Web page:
Office—EM Press, 305 Brooks Ave., Joliet, IL 60435.
Teacher, publisher, editor, and freelance writer. Joliet West High School, Joliet, IL, English teacher; University of St. Francis, IL, philosophy instructor; EM Press, Joliet, cofounder and copublisher; press agent for poet Marc Smith, 1993-1996.
Midland Authors Society (Chicago, IL; board member).
(Editor) The Spoken Word Revolution: Slam, Hip-Hop, and the Poetry of a New Generation (includes audio CD), introduction by Billy Collins, Source-books MediaFusion (Naperville, IL), 2003.
In addition to teaching at the high school and university levels, Mark Eleveld is a freelance writer and book reviewer who also wrote press releases for poet Marc Smith during the 1990s. Smith is the founder of the poetry slam that began with Chicago, Illinois, venues in the 1980s and encouraged poetry for all. Eleveld, also a champion of spoken-word poetry, collaborated with Smith and poet laureate Billy Collins on a collection of work by fifty performance poets titled The Spoken Word Revolution: Slam, Hip-Hop, and the Poetry of a New Generation. The book also provides a history of the art and its evolution.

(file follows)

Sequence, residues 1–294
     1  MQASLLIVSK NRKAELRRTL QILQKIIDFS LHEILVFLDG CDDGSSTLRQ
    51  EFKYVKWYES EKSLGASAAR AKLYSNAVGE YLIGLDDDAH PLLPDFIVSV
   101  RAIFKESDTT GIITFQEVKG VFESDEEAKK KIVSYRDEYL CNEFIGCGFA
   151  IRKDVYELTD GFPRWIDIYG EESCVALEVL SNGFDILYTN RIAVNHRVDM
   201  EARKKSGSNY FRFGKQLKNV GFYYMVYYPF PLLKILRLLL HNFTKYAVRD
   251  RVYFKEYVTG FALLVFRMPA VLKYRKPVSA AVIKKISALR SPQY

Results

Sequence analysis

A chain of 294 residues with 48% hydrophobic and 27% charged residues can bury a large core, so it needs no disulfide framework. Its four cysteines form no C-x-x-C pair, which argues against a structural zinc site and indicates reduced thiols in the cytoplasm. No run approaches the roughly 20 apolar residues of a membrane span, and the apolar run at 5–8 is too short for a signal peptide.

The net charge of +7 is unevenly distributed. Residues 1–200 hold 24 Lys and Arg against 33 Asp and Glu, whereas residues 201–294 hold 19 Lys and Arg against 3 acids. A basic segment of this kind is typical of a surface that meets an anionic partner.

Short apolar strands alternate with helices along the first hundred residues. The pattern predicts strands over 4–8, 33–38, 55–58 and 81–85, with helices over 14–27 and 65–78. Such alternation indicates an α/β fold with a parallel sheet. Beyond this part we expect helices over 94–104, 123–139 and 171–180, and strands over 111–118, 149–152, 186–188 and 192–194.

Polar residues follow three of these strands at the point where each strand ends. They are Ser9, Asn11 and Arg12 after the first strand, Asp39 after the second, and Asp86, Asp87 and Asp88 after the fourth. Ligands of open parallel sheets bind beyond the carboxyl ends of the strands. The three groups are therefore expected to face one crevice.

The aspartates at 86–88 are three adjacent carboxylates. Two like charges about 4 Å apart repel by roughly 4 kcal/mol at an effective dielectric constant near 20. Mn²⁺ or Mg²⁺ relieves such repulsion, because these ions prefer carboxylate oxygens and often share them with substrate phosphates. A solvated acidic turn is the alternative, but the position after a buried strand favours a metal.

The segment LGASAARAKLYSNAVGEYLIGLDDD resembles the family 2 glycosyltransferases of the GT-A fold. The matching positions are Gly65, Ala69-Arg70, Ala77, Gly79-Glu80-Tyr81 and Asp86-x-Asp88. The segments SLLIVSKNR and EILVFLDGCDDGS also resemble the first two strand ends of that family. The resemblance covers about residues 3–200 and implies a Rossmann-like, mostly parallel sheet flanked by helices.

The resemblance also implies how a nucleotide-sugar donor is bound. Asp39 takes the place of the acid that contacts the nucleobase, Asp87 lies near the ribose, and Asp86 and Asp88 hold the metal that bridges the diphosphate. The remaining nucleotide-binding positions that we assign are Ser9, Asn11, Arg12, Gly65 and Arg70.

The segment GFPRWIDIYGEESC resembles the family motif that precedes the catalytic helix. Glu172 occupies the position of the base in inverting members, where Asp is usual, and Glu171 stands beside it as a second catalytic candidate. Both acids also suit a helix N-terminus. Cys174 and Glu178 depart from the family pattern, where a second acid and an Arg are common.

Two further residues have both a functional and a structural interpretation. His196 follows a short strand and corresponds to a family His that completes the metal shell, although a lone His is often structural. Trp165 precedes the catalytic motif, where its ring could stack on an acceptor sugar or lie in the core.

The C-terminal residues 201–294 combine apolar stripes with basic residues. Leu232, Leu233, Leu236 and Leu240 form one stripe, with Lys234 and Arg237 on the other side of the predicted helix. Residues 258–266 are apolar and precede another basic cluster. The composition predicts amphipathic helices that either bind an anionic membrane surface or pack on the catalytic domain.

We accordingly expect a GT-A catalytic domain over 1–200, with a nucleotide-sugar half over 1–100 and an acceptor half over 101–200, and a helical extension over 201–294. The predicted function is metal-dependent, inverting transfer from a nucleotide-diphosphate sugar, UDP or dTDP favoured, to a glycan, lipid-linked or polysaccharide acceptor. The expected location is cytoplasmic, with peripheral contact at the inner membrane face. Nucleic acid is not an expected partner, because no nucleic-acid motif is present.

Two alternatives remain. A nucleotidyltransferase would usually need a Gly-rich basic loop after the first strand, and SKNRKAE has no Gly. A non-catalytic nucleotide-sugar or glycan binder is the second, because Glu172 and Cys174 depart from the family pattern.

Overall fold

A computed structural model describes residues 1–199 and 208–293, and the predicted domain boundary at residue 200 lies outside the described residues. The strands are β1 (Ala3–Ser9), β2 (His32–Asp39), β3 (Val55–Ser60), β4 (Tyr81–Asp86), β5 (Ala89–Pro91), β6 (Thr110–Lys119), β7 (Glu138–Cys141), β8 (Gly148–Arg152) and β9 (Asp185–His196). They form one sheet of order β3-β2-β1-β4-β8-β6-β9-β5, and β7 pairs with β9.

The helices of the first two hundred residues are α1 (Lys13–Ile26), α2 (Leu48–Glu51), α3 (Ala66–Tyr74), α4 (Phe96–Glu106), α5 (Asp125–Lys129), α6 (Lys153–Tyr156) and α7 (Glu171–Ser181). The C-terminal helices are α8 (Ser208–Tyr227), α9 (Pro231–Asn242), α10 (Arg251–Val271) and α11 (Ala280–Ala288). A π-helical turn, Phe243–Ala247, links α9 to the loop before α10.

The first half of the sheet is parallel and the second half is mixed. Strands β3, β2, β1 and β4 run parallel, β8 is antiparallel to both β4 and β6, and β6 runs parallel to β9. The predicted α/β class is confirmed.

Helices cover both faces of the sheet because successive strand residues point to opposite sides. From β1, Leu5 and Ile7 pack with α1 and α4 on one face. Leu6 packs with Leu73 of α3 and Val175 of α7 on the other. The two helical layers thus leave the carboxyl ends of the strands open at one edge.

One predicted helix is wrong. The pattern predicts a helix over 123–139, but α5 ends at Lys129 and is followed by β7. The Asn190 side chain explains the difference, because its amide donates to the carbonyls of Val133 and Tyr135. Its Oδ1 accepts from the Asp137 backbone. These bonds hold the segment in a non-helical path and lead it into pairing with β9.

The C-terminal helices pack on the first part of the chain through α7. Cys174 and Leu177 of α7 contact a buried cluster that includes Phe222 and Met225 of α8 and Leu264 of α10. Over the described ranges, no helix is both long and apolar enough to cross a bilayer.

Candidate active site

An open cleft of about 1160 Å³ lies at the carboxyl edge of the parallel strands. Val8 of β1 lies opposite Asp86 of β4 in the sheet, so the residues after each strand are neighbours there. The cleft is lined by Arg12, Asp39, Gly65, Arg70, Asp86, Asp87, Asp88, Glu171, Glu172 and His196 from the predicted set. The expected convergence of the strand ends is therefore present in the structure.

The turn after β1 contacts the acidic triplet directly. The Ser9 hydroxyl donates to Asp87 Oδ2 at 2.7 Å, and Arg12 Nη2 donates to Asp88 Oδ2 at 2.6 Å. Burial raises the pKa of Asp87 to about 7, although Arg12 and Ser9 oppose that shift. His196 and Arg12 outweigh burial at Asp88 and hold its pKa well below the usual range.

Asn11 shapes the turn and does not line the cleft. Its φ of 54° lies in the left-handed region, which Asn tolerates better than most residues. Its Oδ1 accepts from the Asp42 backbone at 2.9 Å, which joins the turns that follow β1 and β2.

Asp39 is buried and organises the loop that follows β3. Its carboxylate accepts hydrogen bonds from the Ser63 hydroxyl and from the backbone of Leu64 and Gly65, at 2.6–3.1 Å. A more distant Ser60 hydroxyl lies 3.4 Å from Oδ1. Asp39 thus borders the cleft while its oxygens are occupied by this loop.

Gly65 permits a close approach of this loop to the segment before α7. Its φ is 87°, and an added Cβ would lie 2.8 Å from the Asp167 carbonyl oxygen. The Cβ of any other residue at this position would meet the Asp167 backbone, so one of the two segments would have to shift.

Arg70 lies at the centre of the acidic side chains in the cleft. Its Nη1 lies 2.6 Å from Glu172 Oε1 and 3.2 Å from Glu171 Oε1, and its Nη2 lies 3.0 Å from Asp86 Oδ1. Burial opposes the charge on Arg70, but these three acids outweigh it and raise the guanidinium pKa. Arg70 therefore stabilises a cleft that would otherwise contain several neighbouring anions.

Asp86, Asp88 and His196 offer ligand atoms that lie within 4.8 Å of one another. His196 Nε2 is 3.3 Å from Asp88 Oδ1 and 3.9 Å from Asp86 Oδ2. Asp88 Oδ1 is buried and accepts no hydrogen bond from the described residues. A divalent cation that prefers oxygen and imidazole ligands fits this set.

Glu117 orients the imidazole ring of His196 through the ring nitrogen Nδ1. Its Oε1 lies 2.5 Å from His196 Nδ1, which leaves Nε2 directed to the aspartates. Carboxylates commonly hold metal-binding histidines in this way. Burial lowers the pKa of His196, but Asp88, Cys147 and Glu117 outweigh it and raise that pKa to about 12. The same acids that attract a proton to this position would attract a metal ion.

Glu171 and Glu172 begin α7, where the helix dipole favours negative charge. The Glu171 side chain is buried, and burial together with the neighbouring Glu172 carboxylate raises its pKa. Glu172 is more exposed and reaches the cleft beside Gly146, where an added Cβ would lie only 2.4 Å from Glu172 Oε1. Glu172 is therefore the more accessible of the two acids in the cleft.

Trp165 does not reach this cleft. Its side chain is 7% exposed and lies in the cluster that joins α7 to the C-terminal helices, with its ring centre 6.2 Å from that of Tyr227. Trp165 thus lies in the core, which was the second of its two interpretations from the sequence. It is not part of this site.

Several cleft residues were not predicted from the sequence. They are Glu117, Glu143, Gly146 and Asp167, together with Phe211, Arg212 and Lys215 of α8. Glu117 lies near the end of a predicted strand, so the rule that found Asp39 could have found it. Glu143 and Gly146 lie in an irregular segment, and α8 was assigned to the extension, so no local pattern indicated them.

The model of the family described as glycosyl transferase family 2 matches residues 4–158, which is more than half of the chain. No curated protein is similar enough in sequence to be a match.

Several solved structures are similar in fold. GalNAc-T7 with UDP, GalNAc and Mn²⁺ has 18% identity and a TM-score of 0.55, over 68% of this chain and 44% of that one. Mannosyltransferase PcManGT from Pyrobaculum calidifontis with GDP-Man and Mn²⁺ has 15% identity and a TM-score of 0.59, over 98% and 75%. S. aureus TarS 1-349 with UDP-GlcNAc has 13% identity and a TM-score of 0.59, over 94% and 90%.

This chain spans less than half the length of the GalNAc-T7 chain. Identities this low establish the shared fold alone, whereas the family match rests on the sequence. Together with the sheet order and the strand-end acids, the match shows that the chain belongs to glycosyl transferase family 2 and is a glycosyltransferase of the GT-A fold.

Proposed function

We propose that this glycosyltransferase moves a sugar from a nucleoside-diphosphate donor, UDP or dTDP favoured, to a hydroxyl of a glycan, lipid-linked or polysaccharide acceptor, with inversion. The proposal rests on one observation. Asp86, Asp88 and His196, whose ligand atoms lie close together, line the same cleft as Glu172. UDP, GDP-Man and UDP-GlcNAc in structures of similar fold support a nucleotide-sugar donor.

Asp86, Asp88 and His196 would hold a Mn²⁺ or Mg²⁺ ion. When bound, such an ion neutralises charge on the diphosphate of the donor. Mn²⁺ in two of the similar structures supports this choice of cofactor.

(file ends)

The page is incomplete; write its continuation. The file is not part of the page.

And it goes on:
In an interview with Marie Lecrivain for PoeticDiversity.org, Eleveld said, "I wanted to document some of the history of the current movement while these people are still alive. I always found it ironic that contemporary or modern poetry classes usually end in the late fifties.… I wanted to mend some fences between people and 'scenes' that might not have been associated in the past. Having the U.S. poet laureate, Guggenheim president, Iowa Writers Workshop professor, Pulitzer Prize winner, Carnegie professor of the year, etc., next to Slammers, next to performance artists, next to youth—an interesting coming together of voices that have never been paired together like that before."
The Spoken Word Revolution is divided into six sections, titled "The Beat Remnants," "Hip-Hop," "Performance Art," "Competitive Poetry/Taos," "Slam," and "Youth Speaks." It comes with a CD that begins with the introduction by Collins, followed by a piece by Quincy Troupe, accompanied by guitar, in the "Beat" section. A Publishers Weekly reviewer felt that the printed text is "secondary" to the CD, which includes twenty of the poets found in the book on forty-six cuts. The critic concluded by saying that this collection "heralds spoken word's further entry into the marketplace, a presence that should spread logarithmically over the coming years."
BIOGRAPHICAL AND CRITICAL SOURCES:
Publishers Weekly, April 28, 2003, review of The Spoken Word Revolution: Slam, Hip-Hop, and the Poetry of a New Generation, p. 63.
Mark Eleveld Home Page,http://www.em-press.com/ (February 28, 2004).